Several times the title of the highest rank in the United States
Prior to the Civil War
the highest rank was that of commodore.
In 1862 Congress established the rank of rear-admiral: in 1864 that of vice-admiral; and in 1866 that of admiral, in each case the office being bestowed on David G. Farragut
On the death of David D. Porter
(1891), who by law had succeeded to the titles of vice-admiral and admiral, both these grades were abolished, and the grade of rear-admiral remained the highest till 1899, when that of admiral was again ereated by Congress and conferred on George Dewey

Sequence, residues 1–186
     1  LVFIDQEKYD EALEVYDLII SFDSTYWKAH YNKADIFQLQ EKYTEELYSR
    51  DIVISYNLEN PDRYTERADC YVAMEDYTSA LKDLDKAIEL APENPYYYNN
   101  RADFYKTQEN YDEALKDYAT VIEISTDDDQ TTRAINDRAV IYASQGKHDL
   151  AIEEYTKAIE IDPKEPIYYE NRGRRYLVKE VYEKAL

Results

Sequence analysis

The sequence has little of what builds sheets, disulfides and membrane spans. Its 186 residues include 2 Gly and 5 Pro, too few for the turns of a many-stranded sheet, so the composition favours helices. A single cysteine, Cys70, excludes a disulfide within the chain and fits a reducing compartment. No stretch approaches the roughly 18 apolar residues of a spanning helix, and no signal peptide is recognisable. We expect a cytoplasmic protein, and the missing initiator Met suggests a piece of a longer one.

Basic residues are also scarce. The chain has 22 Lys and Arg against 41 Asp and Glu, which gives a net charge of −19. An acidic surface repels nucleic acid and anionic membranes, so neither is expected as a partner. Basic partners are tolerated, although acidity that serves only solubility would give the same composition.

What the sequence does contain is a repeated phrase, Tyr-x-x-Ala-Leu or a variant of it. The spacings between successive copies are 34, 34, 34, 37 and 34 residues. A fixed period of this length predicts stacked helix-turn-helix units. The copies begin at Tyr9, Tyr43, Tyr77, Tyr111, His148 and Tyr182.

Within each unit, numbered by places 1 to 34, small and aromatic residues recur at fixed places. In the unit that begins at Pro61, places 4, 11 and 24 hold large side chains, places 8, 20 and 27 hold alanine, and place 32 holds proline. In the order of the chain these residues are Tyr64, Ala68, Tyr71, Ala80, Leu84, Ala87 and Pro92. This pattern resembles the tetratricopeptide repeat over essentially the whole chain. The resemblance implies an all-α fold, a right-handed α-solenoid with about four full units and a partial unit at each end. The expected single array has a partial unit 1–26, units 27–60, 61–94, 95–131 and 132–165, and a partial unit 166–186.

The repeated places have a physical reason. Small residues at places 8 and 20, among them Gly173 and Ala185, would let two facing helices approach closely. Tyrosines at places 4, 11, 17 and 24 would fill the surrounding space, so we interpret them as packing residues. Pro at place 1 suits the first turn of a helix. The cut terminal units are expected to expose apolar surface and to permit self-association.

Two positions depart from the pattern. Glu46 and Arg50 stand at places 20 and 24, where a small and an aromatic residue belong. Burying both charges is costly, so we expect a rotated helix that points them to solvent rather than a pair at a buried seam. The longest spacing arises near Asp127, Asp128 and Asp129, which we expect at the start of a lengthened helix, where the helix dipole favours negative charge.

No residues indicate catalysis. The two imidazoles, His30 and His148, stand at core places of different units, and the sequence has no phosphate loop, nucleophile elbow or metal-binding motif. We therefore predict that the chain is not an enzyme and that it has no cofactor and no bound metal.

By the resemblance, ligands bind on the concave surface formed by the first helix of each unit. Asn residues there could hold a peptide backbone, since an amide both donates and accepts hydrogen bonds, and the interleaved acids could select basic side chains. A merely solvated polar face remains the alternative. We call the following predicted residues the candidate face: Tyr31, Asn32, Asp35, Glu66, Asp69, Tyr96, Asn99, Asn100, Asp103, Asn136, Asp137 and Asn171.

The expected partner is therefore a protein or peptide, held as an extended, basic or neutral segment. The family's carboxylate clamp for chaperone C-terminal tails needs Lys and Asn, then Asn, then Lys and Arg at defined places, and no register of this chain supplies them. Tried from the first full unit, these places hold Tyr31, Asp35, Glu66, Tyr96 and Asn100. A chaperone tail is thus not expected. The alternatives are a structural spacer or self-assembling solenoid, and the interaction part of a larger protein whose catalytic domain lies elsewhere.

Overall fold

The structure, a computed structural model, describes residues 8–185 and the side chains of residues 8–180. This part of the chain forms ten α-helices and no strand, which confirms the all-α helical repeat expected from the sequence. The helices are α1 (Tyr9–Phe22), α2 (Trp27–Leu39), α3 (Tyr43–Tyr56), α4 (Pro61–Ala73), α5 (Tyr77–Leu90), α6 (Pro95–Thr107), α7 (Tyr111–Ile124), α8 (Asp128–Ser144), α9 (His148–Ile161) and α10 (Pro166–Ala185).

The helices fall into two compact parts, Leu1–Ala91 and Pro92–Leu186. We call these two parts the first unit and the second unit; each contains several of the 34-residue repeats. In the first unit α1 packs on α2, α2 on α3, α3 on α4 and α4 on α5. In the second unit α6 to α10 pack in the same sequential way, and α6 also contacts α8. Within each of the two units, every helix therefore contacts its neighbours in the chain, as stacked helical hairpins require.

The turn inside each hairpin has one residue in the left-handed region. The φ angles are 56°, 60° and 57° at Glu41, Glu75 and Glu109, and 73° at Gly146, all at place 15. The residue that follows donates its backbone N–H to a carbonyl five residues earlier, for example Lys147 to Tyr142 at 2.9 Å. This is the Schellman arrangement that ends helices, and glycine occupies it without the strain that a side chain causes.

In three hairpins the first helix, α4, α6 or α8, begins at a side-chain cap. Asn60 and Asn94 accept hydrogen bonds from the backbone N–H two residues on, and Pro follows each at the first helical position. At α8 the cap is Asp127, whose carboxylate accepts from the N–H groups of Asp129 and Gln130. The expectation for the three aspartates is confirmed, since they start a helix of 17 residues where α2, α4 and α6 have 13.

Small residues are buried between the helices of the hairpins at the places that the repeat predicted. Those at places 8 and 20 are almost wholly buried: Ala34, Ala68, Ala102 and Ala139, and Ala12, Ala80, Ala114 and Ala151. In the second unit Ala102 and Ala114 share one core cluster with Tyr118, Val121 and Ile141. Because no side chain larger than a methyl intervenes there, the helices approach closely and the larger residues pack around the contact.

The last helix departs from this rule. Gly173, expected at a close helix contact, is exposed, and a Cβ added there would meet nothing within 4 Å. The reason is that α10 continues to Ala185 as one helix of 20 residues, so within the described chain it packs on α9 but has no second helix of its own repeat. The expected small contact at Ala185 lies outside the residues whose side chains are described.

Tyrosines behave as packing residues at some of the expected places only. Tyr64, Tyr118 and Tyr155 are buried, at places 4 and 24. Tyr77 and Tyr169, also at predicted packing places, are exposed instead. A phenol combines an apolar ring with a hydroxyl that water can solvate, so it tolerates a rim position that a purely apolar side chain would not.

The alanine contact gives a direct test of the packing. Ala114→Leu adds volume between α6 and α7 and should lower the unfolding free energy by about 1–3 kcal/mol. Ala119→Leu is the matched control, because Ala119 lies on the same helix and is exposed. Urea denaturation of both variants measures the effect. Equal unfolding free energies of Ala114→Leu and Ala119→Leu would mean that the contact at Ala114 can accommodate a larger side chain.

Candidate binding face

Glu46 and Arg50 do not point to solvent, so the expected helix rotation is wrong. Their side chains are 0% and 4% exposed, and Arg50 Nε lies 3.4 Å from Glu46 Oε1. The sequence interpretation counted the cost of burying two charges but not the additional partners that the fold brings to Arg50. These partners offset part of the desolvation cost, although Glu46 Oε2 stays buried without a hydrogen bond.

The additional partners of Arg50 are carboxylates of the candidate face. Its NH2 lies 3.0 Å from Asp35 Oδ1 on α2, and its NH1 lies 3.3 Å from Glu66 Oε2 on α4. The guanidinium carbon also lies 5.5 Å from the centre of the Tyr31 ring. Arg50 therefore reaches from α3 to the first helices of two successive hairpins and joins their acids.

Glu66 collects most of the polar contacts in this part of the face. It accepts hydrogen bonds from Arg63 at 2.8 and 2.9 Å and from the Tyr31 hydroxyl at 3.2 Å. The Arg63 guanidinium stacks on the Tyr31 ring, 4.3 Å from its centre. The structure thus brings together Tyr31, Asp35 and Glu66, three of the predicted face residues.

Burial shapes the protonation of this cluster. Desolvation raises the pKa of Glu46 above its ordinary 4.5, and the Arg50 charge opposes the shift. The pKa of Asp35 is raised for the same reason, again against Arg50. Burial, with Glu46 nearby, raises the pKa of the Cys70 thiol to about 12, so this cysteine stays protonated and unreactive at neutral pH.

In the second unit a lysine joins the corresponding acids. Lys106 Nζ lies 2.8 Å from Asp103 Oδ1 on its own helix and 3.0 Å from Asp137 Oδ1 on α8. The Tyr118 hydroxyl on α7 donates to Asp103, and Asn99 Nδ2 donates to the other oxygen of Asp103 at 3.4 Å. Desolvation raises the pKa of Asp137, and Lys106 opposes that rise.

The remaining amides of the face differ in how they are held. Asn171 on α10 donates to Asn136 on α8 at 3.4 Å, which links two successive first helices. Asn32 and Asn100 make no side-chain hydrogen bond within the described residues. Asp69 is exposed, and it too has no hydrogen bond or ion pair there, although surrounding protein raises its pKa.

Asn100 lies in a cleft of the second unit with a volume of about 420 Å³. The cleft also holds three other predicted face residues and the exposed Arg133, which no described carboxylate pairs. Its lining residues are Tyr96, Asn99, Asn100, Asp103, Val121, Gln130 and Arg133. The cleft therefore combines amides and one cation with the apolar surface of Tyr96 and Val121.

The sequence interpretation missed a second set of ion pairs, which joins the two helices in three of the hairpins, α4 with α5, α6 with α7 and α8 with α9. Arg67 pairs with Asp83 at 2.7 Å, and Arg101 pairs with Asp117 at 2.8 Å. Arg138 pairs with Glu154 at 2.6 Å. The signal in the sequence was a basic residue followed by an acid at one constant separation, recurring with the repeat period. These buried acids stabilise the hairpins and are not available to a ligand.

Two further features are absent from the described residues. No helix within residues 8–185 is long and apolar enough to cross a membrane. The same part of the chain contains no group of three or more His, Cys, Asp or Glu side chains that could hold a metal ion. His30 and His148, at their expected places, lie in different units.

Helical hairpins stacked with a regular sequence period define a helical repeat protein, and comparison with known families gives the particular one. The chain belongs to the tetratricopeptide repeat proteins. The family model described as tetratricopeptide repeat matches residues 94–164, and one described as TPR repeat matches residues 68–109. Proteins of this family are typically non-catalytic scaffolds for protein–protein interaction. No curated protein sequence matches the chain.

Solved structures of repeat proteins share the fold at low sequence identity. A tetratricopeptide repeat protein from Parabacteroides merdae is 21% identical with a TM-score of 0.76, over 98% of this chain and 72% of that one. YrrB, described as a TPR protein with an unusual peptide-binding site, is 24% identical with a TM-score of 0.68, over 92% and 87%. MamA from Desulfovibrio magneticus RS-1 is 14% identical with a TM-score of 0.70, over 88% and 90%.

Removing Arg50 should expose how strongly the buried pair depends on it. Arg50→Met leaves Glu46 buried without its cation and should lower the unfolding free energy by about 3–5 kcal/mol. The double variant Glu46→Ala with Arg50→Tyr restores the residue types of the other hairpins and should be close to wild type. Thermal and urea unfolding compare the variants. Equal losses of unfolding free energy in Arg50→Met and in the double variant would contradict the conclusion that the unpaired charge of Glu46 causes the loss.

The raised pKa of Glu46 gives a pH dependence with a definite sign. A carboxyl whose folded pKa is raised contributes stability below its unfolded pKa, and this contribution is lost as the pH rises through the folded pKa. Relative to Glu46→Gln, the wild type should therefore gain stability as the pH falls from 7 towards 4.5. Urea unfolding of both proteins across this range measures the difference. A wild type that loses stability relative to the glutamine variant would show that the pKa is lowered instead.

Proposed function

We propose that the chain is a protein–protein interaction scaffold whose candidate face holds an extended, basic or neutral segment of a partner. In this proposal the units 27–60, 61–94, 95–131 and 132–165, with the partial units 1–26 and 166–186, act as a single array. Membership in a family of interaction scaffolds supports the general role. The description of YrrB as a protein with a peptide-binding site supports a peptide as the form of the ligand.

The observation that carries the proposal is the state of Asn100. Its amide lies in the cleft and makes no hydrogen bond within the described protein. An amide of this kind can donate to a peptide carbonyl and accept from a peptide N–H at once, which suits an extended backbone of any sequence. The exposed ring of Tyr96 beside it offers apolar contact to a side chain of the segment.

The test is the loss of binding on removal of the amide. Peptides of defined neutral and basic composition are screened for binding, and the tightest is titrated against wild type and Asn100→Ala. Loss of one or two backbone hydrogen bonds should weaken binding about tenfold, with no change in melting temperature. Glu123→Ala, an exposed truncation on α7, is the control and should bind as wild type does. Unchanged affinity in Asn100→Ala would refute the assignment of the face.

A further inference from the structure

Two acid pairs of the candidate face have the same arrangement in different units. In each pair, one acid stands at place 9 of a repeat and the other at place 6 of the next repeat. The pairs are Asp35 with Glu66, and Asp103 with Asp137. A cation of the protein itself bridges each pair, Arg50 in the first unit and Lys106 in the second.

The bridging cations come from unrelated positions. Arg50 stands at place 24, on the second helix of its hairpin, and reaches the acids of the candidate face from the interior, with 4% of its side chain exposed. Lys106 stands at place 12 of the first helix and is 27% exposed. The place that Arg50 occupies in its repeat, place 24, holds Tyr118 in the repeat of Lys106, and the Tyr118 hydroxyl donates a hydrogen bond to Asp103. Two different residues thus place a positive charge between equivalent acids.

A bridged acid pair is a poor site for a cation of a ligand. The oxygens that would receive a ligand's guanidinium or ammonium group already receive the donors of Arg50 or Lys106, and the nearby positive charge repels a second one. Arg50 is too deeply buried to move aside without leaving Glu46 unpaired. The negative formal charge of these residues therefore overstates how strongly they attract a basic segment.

Further legislation by Congress in that year increased the number of rear-admirals from six, to which it bad been reduced in 1882, to eighteen, and divided these officers into two classes of nine each, the first nine corresponding in rank to major-generals in the army, and the second to brigadier-generals.
The same act made the increase in the number of rear-admirals possible by abolishing the grade of commodore, and advancing the holders of that grade to rear-admirals.